In more concrete news, the 15-minute preview of Game of Thrones that HBO aired Sunday night scored some interesting numbers. 720,000 people tuned in for their first look at the series. While that’s hardly a blockbusting figure, the only lead-ins were other previews. The official Game Of Thrones YouTube channel has 1.3 million views, indicating that the series will have a healthy audience tuning in for the upcoming debut.


Game of Thrones premieres April 17th on HBO.

Source: Entertainment Weekly

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  1. George R. R. Martin sounds obsessed with plot lines
    which I as a fan of Lost might have been guilty of as well
    early on in the series but later on I thought too many threads
    were woven to ever create a smooth fabric to wrap everything up.

    Not answering the unanswerable was expected for me.
    What I did not expect was an unusually moving finale.

    The finale demonstrated that what was essential has to do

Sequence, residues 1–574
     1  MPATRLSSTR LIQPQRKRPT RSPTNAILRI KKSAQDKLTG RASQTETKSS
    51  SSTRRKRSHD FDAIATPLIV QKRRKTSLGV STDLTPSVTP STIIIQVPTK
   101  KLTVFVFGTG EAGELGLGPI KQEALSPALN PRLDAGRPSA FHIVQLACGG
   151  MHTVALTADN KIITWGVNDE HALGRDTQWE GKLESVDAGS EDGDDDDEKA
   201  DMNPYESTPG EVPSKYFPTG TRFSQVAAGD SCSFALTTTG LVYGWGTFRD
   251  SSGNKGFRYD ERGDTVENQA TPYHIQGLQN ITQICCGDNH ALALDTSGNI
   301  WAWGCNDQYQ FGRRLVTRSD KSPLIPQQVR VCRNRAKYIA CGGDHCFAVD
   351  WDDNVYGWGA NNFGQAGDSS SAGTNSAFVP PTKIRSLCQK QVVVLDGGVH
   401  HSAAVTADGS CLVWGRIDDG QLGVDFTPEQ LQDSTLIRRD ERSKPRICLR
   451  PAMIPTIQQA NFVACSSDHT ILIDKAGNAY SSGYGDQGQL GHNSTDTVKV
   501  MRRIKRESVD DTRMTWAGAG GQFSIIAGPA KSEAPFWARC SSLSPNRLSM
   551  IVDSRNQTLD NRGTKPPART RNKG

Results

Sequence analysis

with the human heart, with the meaning and value of life,
    forgiveness, and the capacity to transcend this world.

    The details of the island mysteries seemed unimportant and
    unnecessary in comparison to the mystery of life and death.

    Everything that was important was resolved. Lost was found.

    • Aye, but I reckon you’re biased since you’re Addicted to love?

      I’ll get me coat.

      • He spelled it differently :)

    • True! I was expecting answers, but the drama and emotions in the show were what I really, really loved. Some things were left unanswered, but the emotional sucker in me was very happy.

  2. I agree with George, the first 3 or 4 seasons of Lost were amazing. The fifth was ok. But then when we got to the final season they just kinda crazy. They kinda just abandoned the sci-fi aspects of the show. There was still some of it but they candy coated it with theology.

    All the Dharma stuff which is what made the first couple of seasons so good was missing from the second half of the series without feeling finished.

    I could go into extreme detail about Lost as a hole, but I’ll save you all from that. The last season or two felt like a cop out, it felt like they didn’t have the balls to stay true to the series and finish it in a new way instead of the overused sappy way that they did.

    The final season almost ruins the great seasons at the beginning, because you’ll know it’s all building to that terrible ending in the back if your mind.